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Younger doctors prescribe more drugs to reduce heart risk but offer less lifestyle advice

Patients with heart disease risks are more likely to be prescribed cardiovascular (CV) drugs if they see a younger doctor and recommended to change their lifestyle if they see an older doctor, according to research in the June issue of IJCP, the International Journal of Clinical Practice.

Italian researchers studied the attitudes and prescribing trends of 1,078 family doctors, cardiologists and diabetologists, together with clinical data on 9,904 of their outpatients, after inviting the doctors to take part in an educational training programme on managing CV risk.

"While physicians recognise the importance of patients' age as a major driver for CV risk, little evidence is available on the potential impact of the doctor's age on how they manage clinical risk" says cardiologist Professor Massimo Volpe from the Faculty of Medicine at Sapienza University, Rome.

"Although younger doctors prescribed more drugs, this did not result in significantly better control of their patients' major CV risk factors, suggesting that other factors have an important role to play in the clinical management of CV risk, including lifestyle changes."

The doctors, who were blind to the final purpose of the study, were selected by two-dozen regional referral centres, with 90% agreeing to take part.

All the doctors were asked to fill in questionnaires on themselves and their practice and reply anonymously on the administrative site of their regional referral centre. They were also asked to provide clinical details of the first 10 white patients over 50 they saw, for any reason, after they agreed to take part.

A fifth of the doctors (20%) were under 45 years of age, 61% were 46-55 and 19% were over 55. Female doctors accounted for 27% of the total sample and tended to be younger, ranging from 47% of those under 45 to just 8% of those over 55.

Family doctors accounted for 78% of the total sample, followed by cardiologists (13%) and diabetologists (9%). The youngest age group included the fewest GPs (53%) and most cardiologists (31%), with the highest percentage of GPs in the 46-55 age group (86%).

Just over half of the patients (54%) were male. The average age was 67 and the ages of the patients treated by the doctors in the various age groups was very similar. However, doctors over 55 tended to treat more male patients, obese patients and smokers.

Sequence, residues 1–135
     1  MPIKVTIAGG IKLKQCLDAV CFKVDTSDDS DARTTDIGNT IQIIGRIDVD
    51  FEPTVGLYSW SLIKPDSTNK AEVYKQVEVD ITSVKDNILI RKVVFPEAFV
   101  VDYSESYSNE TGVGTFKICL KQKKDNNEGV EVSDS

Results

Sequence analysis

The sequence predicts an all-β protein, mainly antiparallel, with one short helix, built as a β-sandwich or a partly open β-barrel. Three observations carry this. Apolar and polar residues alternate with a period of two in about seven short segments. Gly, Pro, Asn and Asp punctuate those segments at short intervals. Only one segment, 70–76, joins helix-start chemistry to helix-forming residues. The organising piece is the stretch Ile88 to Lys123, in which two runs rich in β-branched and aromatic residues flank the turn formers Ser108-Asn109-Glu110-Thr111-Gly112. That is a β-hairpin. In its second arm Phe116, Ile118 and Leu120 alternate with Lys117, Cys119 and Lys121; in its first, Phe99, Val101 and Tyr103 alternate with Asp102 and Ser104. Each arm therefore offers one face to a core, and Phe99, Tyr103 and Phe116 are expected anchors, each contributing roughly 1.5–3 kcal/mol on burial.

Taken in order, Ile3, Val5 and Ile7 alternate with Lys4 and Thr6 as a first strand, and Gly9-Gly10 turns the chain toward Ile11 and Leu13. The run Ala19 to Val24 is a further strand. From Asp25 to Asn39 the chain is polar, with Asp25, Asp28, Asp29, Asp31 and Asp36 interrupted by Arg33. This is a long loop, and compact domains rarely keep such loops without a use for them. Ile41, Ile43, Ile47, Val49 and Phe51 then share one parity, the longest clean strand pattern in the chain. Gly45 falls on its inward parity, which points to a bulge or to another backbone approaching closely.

Key findings of the study included:

  • High blood pressure was the most common CV risk factor, affecting 75% of patients, followed by abnormal lipid (cholesterol and/or fat in the blood) in 59% of patients and diabetes mellitus in 37%. In each case, the percentage was highest in patients managed by doctors under 45.

  • Blood pressure drugs were the most commonly prescribed, by 83% of doctors under 45, 78% of doctors aged 46-55 year-old and 80% of doctors over 55. However, not all patients with high blood pressure were prescribed drugs, regardless of the age of their physician. This is consistent with research that shows that high blood pressure is widely undertreated and a key element in the global burden of CV disease in western countries.

  • Younger doctors were also more likely to prescribe antidiabetic drugs, lipid-lowering agents and antiplatelet agents than their older colleagues.

  • Older doctors were more likely to recommend lifestyle changes. Smoking cessation advice was highest in doctors over 55 and diet and exercise advice highest in doctors aged 46-55.

  • Older doctors also tended to be more thorough and accurate when it came to recording clinical data on their patients. Previous analysis of the data provided showed a close relationship between high levels of accuracy and better CV outcomes.

"Our study demonstrated a significantly higher prevalence of major CV risk factors and associated clinical conditions among patients treated by younger, specialised doctors, rather than older doctors, who were more likely to be GPs" says Professor Volpe.

"Younger doctors were also more likely to prescribe medication and less likely to recommend lifestyle changes than their older colleagues. However this increased prescribing was not reflected in significantly better clinical management of CV risk factors.

"We believe these findings have important implications for the ongoing professional education of doctors treating patients with CV risk."


Contact: Annette Whibley

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